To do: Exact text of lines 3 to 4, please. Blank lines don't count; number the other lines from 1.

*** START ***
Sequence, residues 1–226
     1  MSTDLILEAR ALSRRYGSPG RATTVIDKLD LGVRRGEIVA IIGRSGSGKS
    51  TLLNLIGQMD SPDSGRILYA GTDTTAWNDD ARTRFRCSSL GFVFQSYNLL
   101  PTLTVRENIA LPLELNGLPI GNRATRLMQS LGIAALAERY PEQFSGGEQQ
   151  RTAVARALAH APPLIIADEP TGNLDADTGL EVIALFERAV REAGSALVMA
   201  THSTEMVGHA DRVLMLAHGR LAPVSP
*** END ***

    51  TLLNLIGQMD SPDSGRILYA GTDTTAWNDD ARTRFRCSSL GFVFQSYNLL
   101  PTLTVRENIA LPLELNGLPI GNRATRLMQS LGIAALAERY PEQFSGGEQQ